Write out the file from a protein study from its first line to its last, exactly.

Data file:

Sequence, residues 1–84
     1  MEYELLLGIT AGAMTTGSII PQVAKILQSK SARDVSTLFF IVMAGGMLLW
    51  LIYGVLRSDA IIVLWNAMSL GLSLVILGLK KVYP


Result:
Sequence, residues 1–84
     1  MEYELLLGIT AGAMTTGSII PQVAKILQSK SARDVSTLFF IVMAGGMLLW
    51  LIYGVLRSDA IIVLWNAMSL GLSLVILGLK KVYP